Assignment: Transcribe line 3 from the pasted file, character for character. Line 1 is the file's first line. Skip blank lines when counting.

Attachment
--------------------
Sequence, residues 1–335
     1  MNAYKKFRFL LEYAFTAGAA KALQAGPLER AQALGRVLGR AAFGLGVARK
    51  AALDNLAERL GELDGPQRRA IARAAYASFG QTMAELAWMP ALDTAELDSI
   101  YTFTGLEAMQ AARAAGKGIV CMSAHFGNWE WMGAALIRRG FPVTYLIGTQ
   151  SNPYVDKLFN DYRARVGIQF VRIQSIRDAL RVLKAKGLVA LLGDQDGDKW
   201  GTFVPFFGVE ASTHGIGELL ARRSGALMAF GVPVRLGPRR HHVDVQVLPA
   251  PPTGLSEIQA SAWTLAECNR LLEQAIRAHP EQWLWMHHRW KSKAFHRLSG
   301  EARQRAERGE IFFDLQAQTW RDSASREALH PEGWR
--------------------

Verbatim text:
    51  AALDNLAERL GELDGPQRRA IARAAYASFG QTMAELAWMP ALDTAELDSI